The biggest part of our self-image as human beings is determined by the unlimited function of our brain. This becomes obvious especially when we get older and physical shortcomings amplify. Unfortunately, some medical conditions not only augment physical shortcomings that are apparent on first sight, but also attack the function of the brain, an organ that has nothing or at least little to do with the primary disease.

Diabetes mellitus—a disease affecting millions of people worldwide—is the prototype of such a multiorgan dysfunction syndrome compromising neurocognitive function via poorly understood pathways (1). Not only long-term diabetes but also short-term dysregulations of blood glucose are linked to profound permanent neurocognitive impairment (e.g., when they are experienced during critical illness) (2). Is this an effect of glucose per se—too much or too little of it—or of insulin or both?

No doubt, brain cells largely rely on glucose as fuel and glycopenia is thus directly deleterious. Also, hyperglycemia is a hazard to our central nervous system as it destroys neurons (3). This is mediated both directly via glucose toxicity and indirectly via more long-term consequences such as vasculopathy. So, it is easy to believe that dysglycemia might be causal for neurocognitive impairment, leaving very little space to imagine treatment strategies effective enough to tackle the disease when the dysfunctions have become apparent. Besides accepted effects of glucose, the other big player in glucose regulation—insulin—was long neglected as the nervous system was considered to be insulin independent. This notion surely does not hold true (4). Although we poorly understand the pathophysiology, diabetes, brain insulin resistance, and low levels of insulin in the cerebrospinal fluid (CSF) are closely linked to mental disorders such as Alzheimer disease (5).

Without relevant systemic effects in doses around 40 IU, insulin can be given intranasally, thus avoiding the blood-brain barrier. Insulin directly migrates into the CSF and into the brain where it acts as a neuromodulator to influence, among others, a couple of metabolic pathways, systemic blood glucose, and cognitive function by affecting not only brain cell metabolism and energy homeostasis but also regional brain perfusion, synapse formation, and neuronal survival (6). Indeed, increasing insulin levels by intranasal insulin overcomes brain insulin resistance and thus improves neurocognitive performance (e.g., in Alzheimer patients) (7) (Fig. 1).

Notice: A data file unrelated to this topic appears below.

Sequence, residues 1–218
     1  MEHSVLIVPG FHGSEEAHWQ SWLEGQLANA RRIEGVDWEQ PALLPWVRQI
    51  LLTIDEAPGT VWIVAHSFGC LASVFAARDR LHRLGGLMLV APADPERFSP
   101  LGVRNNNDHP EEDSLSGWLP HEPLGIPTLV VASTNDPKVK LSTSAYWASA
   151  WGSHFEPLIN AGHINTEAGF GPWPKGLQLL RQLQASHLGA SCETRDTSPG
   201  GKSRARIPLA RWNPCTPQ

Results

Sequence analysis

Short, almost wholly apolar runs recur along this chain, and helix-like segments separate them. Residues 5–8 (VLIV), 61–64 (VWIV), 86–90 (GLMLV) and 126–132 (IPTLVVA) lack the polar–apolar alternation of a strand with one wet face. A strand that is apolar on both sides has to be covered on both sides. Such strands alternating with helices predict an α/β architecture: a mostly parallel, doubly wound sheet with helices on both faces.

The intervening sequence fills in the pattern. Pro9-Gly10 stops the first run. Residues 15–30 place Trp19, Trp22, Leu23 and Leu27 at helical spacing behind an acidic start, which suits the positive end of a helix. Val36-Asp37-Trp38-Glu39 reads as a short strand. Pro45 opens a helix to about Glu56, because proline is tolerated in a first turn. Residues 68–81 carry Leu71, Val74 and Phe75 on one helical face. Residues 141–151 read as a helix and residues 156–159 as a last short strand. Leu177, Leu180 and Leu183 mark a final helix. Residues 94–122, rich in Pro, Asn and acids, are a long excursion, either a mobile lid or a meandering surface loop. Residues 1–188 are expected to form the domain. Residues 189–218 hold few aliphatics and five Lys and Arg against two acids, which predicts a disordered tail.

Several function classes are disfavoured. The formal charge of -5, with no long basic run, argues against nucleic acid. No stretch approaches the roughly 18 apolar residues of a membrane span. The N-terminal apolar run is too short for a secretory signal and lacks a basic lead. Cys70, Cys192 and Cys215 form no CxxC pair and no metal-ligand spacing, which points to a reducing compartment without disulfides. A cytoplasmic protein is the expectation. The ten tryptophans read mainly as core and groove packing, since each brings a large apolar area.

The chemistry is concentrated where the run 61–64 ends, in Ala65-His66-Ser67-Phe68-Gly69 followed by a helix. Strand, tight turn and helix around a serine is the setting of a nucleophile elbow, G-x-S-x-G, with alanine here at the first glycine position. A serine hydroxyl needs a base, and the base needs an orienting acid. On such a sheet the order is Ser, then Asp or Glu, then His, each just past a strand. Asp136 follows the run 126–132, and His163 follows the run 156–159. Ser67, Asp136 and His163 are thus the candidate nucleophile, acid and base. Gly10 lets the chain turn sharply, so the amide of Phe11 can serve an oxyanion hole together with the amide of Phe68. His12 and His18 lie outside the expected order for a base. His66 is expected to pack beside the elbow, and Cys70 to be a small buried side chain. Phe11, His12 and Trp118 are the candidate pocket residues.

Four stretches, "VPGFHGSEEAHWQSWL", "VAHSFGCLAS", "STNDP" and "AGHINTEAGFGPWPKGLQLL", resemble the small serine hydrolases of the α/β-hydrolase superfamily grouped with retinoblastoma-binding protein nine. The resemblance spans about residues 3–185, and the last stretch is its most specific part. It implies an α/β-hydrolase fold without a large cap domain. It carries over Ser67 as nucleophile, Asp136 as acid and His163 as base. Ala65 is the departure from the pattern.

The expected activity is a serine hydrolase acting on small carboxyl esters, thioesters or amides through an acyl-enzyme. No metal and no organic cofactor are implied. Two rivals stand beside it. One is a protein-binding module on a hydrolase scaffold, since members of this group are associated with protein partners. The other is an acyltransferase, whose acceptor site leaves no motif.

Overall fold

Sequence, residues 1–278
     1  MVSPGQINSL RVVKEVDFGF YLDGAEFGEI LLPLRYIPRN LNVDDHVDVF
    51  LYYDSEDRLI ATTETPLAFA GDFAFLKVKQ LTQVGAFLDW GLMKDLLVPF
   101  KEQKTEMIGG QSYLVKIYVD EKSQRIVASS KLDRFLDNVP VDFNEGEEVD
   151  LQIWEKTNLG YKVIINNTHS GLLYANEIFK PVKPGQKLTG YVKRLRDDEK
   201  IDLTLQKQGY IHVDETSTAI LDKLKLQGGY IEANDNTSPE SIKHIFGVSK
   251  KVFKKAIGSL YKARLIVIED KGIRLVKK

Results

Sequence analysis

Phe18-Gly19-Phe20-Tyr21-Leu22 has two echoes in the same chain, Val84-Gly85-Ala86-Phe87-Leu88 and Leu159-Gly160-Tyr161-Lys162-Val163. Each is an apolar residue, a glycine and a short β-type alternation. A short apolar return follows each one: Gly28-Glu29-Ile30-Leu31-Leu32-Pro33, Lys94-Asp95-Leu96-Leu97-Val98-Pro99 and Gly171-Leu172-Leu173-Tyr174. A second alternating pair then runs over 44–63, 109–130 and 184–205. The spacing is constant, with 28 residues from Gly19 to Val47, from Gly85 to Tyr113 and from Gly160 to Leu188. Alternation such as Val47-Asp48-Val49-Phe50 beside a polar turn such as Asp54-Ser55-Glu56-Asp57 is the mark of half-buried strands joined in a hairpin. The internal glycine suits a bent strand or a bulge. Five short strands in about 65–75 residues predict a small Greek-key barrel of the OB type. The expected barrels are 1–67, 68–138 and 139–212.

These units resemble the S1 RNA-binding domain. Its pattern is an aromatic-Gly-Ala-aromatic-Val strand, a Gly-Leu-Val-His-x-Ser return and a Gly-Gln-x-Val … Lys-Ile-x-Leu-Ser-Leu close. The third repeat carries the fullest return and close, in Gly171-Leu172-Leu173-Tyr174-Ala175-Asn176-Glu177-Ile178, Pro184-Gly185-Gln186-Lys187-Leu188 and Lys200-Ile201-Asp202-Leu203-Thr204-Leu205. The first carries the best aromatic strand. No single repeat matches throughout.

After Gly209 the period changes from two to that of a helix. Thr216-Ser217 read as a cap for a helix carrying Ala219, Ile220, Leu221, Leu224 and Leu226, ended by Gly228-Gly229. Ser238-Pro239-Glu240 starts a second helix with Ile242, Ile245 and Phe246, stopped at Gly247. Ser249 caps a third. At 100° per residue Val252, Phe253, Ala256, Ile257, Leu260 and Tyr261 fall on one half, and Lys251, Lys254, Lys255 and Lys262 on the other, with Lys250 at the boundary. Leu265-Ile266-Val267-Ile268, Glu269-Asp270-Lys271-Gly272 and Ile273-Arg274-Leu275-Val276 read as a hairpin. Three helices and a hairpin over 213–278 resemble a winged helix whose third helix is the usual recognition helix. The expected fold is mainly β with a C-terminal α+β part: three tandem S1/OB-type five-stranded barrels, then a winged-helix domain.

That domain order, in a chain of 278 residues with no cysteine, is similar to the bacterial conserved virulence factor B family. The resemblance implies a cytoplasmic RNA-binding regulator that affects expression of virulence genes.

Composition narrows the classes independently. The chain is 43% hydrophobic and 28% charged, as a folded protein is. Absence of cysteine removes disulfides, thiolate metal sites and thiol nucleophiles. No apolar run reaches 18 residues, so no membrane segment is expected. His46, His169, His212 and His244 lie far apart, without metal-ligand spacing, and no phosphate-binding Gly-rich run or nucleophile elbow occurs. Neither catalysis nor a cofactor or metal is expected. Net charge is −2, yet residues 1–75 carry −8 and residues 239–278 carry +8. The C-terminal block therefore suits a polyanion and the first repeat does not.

In this issue of Diabetes, Zhang et al. (8) present their work on unraveling the underlying mechanisms behind intranasal insulin and neurocognitive function. In their cohort of patients with diabetes, they showed that a single dose of 40 IU of intranasal insulin not only improved neurocognitive performance in test batteries but also restored the connectivity of hippocampal regions and the mediofrontal cortex back to a level comparable to healthy subjects. Certainly, cognition is a rather complex process depending on the connection of various neural networks and regions in the brain than a located spot in the human central nervous system. However, we still do not know the exact pathways of insulin influence on the activation and connection of the networks among each other that appear to be crucial for neurocognitive performance. Perfusion might be a cornerstone but not the exclusive key to understand the phenomenon.

The study by Zhang et al. opens further perspectives. Rather than being a single-target intervention, increasing CSF insulin levels by intranasal insulin appears to restore complex neural networking in the direction of normalization. It is tempting to speculate about future applications of this simple and inexpensive intervention. Besides Alzheimer disease, other conditions characterized by CSF insulin deficiency could be targets. Can we counteract postoperative neurocognitive impairment when stress-induced dysglycemia might contribute to the condition? What is it about critical illness−induced neurocognitive dysfunction, postoperative delirium, or drug-induced dysglycemia?

Certainly, although Zhang et al. give some evidence, we are left with reasonable limitations. We still do not know whether the effects will be reproducible in a larger cohort and whether patients’ long-term outcomes will be improved. It is probable that the effect might fade away or trigger deleterious side effects in the short or long run. Although we get a hint of the mechanisms with resting-state MRI, we wonder what the picture will be in functional imaging. Moreover, we still have to discover the underlying pathways.

The proof-of-concept study of Zhang et al. (8) might open new perspectives for patients with an impairment of the neurocognitive function but is far from forcing us to treat every patient with intranasal insulin. It calls for prospective trials in larger populations to evaluate the effect on daily life and investigations to broaden the indication and to further unravel the underlying mechanisms. Maybe intranasal insulin might help us to boost our mental activities to implement bottom-up research.

See accompanying article, p. 1025.

Duality of Interest. No potential conflicts of interest relevant to this article were reported.

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